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Mark Tebbe on how he’s ditching his hard copies and going digital

Mark Tebbe

Mark Tebbe

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Updated: February 3, 2013 8:59PM

One of the few downsides of my recent move from my suburban home to a downtown Chicago condo has been a dramatic restriction in space — especially in my office. When my wife sees the mounds of paper piled upon my desk, we both just cringe. Suffice it to say that I have become very motivated to get my office more organized, even with eight less file drawers than I had in my old home office. While I know that I’m not the only one with office organization challenges, I also know my wife is not cringing at your desk paper piles.

Fortunately, during my recent trip to the Consumer Electronics Show, I was able to try Fujitsu’s ScanSnap iX500 scanner, which was introduced at the show. After testing various shapes, thicknesses and crumples of paper, I knew that the company had fixed the quirks of their older desktop scanner. As such, I ordered one online and it arrived shortly after I returned from the show.

After using the product over the past few weeks, I have to say, it’s a great scanner. While I don’t have the space (nor the inclination) to do a full review, I will say that I love that this product will scan a pile of variously shaped papers and quickly convert them to searchable PDFs. It will also crop and orient the pages while removing blank pages and correcting auto bleed-through (since it’s a double-sided scanner). Its ability to convert scanned business cards into appropriate fields in my contact manager is great — and the fact that it scans directly to my iPad is just another huge win.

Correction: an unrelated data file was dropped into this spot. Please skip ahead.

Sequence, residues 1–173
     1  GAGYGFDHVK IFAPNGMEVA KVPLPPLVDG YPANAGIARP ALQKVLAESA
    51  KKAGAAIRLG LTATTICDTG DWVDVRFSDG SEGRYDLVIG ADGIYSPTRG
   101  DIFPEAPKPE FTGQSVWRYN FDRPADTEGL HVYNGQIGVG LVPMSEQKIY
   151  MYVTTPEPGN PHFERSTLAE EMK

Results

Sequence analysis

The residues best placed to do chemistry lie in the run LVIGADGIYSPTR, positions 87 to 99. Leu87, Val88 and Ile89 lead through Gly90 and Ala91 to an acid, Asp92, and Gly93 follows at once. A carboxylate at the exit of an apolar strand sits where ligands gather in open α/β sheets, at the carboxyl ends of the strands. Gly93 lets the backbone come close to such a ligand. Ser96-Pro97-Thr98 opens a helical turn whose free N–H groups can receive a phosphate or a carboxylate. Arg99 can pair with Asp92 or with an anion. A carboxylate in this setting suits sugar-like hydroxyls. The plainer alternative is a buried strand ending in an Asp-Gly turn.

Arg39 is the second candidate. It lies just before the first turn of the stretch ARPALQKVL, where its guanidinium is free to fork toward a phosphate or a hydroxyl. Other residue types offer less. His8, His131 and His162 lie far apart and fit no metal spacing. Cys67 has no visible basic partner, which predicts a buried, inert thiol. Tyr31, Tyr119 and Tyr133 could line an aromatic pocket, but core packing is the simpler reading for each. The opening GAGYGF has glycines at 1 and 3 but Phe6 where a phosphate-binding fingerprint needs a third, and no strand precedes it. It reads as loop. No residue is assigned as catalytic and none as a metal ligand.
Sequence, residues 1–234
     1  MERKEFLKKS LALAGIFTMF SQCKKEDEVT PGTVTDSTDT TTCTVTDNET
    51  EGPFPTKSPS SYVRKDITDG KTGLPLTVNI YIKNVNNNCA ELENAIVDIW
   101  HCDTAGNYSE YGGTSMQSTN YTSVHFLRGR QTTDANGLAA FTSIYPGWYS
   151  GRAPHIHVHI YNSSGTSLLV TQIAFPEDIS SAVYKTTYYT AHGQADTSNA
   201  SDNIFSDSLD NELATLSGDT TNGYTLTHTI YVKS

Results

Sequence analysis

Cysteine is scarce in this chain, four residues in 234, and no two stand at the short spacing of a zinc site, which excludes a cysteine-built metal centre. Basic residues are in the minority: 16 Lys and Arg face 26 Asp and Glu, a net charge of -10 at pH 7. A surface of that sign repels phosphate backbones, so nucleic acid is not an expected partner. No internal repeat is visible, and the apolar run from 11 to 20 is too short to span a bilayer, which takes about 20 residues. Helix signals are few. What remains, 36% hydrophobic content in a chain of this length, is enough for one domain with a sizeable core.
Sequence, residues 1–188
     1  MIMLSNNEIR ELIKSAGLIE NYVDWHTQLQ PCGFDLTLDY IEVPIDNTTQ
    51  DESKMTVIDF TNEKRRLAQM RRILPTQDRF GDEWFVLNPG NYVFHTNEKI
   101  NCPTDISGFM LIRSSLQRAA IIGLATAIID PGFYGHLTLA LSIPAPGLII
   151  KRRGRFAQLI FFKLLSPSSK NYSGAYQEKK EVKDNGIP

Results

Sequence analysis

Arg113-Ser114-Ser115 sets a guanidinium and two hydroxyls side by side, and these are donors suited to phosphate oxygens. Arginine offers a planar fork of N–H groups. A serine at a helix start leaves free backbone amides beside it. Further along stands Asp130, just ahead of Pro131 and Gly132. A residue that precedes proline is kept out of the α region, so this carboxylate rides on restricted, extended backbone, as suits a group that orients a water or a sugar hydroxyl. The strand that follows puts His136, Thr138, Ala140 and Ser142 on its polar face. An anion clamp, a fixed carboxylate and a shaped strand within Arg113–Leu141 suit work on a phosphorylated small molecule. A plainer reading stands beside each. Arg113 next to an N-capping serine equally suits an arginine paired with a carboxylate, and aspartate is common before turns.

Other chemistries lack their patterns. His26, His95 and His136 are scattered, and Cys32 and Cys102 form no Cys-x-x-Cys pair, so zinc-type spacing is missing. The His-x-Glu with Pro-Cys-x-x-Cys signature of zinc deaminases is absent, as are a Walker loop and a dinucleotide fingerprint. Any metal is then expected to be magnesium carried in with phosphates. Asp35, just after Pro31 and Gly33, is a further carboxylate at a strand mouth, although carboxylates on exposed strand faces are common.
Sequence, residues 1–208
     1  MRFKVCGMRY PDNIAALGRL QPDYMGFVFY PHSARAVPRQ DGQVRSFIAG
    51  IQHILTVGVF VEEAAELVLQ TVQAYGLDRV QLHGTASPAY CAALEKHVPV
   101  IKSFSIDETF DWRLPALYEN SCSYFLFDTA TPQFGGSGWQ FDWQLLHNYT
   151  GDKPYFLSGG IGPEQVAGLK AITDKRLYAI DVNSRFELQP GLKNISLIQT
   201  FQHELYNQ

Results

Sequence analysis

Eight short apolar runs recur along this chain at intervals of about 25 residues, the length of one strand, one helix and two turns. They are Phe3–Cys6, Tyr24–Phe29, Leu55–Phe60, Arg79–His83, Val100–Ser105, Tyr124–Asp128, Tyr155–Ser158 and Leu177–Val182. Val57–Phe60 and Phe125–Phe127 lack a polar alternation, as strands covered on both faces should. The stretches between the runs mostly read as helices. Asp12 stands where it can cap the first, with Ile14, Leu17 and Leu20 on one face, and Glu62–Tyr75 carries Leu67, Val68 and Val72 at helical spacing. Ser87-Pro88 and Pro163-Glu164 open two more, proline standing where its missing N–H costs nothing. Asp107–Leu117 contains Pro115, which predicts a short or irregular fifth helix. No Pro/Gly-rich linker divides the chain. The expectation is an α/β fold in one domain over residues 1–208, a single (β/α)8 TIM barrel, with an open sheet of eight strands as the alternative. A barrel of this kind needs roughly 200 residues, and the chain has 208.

But scanning these pages is only half my paperless battle; I need to organize these scanned documents in order to later find them. That’s where another great tool comes in: EverNote. The company describes their tool as an “external brain” and honestly, after using it for nearly four years, I have come to agree with them. To date, I have used it to easily find all of my captured information — whether I typed it or stored it as a Word document, audio clip or photo. And now, with my new updated scanner, I can easily convert and store my desk paper pile in EverNote for future reference. My newfound ability to discover my paperless information from the web, my computer, tablet or phone offers a freedom that I never had with my file drawers.

Now, I just need to find some free time to scan and organize those paper piles. But with these two products, I have the core foundation I need to get me past the paper pile “cringe.”

Mark Tebbe is donating his fee for this column to the Field Museum to help them better organize their collections.

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